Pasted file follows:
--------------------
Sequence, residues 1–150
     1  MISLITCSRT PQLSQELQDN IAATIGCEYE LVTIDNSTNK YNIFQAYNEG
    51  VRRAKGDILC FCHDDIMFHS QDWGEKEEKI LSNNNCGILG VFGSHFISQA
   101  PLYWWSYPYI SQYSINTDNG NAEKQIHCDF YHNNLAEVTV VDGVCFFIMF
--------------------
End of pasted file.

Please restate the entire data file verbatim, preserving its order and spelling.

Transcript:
Sequence, residues 1–150
     1  MISLITCSRT PQLSQELQDN IAATIGCEYE LVTIDNSTNK YNIFQAYNEG
    51  VRRAKGDILC FCHDDIMFHS QDWGEKEEKI LSNNNCGILG VFGSHFISQA
   101  PLYWWSYPYI SQYSINTDNG NAEKQIHCDF YHNNLAEVTV VDGVCFFIMF